Adolphe William Bouguereau
Adolphe William Bouguereau's Oil Paintings
Adolphe William Bouguereau Museum
November 30, 1825 – August 19, 1905. French painter.

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Adolphe William Bouguereau
The god of the forest with their fairy
mk250 Year in 1873. Oil on canvas, 259.1 centimeters high. Massachusetts Granville of the United States and Sri Lanka and the town of Sterling Clark Art Institute
ID: 56949

Adolphe William Bouguereau The god of the forest with their fairy
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Adolphe William Bouguereau The god of the forest with their fairy


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Adolphe William Bouguereau

Bouguereau made more than seven hundred finished works. French painter. From 1838 to 1841 he took drawing lessons from Louis Sage, a pupil of Ingres, while attending the coll?ge at Pons. In 1841 the family moved to Bordeaux where in 1842 his father allowed him to attend the Ecole Municipale de Dessin et de Peinture part-time, under Jean-Paul Alaux. In 1844 he won the first prize for figure painting, which confirmed his desire to become a painter. As there were insufficient family funds to send him straight to Paris he painted portraits of the local gentry from 1845 to 1846 to earn money. In 1846 he enrolled at the Ecole des Beaux-Arts, Paris, in the studio of Francois-Edouard Picot. This was the beginning of the standard academic training of which he became so ardent a defender later in life. Such early works as Equality reveal the technical proficiency he had attained even while still training. In 1850 he was awarded one of the two Premier Grand Prix de Rome for Zenobia Discovered by Shepherds on the Bank of the River Araxes (1850; Paris, Ecole N. Sup. B.-A.). In December 1850 he left for Rome where he remained at the Villa Medici until 1854, working under Victor Schnetz and Jean Alaux (1786-1864). During this period he made an extensive study of Giotto's work at Assisi and Padua and was also impressed by the works of other Renaissance masters and by Classical art. On his return to France he exhibited the Triumph of the Martyr (1853; Luneville, Mus. Luneville; ) at the Salon of 1854. It depicted St Cecilia's body being carried to the catacombs, and its high finish, restrained colour and classical poses were to be constant features of his painting thereafter. All his works were executed in several stages involving an initial oil sketch followed by numerous pencil drawings taken from life. Though he generally restricted himself to classical, religious and genre subjects, he was commissioned by the state to paint Napoleon III Visiting the Flood Victims of Tarascon in 1856   Related Paintings of Adolphe William Bouguereau :. | The Reaper | The Broken Pitcher (mk26) | Rest in Harvest (mk26) | Evening Mood (mk26) | Vierge consolatrice (mk26) |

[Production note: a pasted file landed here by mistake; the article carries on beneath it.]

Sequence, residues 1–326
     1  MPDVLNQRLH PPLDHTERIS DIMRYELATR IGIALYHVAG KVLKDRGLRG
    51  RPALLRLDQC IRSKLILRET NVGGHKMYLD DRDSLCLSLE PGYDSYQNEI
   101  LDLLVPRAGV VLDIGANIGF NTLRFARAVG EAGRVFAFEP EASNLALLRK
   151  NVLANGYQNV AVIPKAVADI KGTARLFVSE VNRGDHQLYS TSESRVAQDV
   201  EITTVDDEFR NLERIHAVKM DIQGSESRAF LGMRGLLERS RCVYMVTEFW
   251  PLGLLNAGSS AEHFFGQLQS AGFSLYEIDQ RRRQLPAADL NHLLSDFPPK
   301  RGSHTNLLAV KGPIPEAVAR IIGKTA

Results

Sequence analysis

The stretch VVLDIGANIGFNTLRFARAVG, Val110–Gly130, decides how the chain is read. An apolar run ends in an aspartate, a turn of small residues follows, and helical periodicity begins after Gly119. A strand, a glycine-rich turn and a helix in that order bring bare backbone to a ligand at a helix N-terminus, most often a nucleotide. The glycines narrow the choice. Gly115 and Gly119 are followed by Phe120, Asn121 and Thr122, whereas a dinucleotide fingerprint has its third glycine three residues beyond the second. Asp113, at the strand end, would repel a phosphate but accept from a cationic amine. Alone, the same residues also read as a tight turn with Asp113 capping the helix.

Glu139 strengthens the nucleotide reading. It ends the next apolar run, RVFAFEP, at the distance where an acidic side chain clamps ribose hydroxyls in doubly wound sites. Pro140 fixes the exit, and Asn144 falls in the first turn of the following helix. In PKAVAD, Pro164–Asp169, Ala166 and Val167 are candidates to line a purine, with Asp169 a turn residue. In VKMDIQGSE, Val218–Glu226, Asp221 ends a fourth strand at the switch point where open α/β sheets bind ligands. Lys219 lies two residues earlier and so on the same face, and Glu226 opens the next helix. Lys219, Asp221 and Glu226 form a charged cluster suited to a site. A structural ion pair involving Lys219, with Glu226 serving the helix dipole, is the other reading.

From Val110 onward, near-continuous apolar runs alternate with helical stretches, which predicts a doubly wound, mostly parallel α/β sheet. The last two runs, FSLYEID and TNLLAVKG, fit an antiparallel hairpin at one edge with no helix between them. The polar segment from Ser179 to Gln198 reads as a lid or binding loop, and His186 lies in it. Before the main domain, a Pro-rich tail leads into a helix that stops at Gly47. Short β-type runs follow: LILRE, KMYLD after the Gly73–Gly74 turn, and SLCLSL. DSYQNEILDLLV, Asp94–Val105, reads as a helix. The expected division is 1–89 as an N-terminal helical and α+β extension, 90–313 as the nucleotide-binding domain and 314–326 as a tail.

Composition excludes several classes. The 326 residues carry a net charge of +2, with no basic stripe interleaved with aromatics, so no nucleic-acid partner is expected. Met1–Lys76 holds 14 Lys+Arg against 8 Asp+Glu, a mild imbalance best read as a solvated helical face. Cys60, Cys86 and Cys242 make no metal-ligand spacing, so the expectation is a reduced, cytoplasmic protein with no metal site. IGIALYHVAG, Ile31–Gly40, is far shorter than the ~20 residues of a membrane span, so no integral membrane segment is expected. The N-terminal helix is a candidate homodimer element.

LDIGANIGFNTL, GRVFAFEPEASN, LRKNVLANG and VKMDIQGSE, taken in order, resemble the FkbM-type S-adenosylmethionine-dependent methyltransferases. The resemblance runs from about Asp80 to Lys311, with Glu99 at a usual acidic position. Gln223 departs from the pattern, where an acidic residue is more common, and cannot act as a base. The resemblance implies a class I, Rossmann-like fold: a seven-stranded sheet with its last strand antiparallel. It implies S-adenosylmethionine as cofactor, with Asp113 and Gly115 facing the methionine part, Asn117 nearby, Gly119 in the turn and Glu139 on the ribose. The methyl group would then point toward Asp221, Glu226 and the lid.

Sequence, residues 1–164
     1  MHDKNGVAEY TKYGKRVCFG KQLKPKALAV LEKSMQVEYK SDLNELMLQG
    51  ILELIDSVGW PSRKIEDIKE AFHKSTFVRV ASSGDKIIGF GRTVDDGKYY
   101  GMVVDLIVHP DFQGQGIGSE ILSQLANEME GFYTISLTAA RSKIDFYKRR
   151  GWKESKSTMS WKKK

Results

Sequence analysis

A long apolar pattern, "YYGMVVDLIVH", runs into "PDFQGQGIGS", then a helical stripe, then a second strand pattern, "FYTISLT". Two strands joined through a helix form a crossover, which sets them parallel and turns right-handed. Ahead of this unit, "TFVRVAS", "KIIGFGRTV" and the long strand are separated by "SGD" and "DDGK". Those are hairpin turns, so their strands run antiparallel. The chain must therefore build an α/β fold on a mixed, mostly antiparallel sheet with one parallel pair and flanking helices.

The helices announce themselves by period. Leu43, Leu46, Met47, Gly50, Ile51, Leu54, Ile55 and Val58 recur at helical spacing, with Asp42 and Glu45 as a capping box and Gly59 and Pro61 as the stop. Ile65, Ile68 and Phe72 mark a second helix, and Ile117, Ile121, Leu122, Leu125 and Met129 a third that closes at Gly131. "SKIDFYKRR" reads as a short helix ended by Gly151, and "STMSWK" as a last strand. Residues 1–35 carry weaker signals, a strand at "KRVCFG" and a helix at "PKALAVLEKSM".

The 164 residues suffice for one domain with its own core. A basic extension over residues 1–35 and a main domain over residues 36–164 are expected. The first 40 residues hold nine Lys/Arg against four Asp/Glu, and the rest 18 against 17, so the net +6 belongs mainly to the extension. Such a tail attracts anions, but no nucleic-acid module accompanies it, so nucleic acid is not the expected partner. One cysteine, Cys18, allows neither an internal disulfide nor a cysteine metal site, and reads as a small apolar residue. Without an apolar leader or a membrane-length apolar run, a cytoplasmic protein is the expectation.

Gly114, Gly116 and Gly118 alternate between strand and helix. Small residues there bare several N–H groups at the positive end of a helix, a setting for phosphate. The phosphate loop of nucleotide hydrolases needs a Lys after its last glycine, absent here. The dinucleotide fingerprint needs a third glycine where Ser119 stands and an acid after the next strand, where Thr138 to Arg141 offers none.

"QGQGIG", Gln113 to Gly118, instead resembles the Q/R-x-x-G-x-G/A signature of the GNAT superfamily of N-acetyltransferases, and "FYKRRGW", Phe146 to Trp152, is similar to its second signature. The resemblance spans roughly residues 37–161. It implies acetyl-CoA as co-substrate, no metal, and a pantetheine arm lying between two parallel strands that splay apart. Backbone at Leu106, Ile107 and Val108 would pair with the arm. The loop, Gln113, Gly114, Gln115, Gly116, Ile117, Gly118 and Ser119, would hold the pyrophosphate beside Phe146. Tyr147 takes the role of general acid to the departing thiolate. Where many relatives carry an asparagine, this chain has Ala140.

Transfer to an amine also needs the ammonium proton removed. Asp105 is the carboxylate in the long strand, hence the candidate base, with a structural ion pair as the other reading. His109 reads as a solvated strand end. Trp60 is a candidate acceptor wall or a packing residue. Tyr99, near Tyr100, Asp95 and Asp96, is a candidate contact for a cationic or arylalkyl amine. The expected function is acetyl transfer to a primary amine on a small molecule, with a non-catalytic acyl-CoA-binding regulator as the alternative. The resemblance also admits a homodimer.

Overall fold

Related Artists:
Paxton, William McGregor
American Painter, 1869-1941 was an American Impressionist painter. Born in Baltimore, the Paxton family came to Newton Corner in the mid-1870s, where William's father James established himself as a caterer. At 18, William won a scholarship to attend the Cowles Art School, where he began his art studies with Dennis Miller Bunker. Later he studied with Jean-L??on G??rôme in Paris and, on his return to Boston, with Joseph DeCamp at Cowles. There he met his future wife Elizabeth Okie, who also was studying with DeCamp. After their marriage, William and Elizabeth lived with his parents at 43 Elmwood Street, and later bought a house at 19 Montvale Road in Newton Centre. Paxton, who is best known as a portrait painter, taught at the Museum School from 1906 to 1913. Along with other well known artists of the era, including Edmund Charles Tarbell and Frank Benson, he is identified with the Boston School. Like many of his Boston colleagues, Paxton found inspiration in the work of the seventeenth-century Dutch painter Johannes Vermeer. Paxton was fascinated not only with Vermeer's imagery, but also with the system of optics he employed. He studied Vermeer's works closely, and discovered that only one area in his compositions was entirely in focus, while the rest were somewhat blurred. Paxton ascribed this peculiarity to "binocular vision," crediting Vermeer with recording the slightly different point of view of each individual eye that combine in human sight. He began to employ this system in his own work, including The New Necklace, where only the gold beads are sharply defined while the rest of the objects in the composition have softer, blurrier edges.
kronprinsessan margareta

Charles Rollo Peters
born in San Francisco in 1862 ,dead 1928






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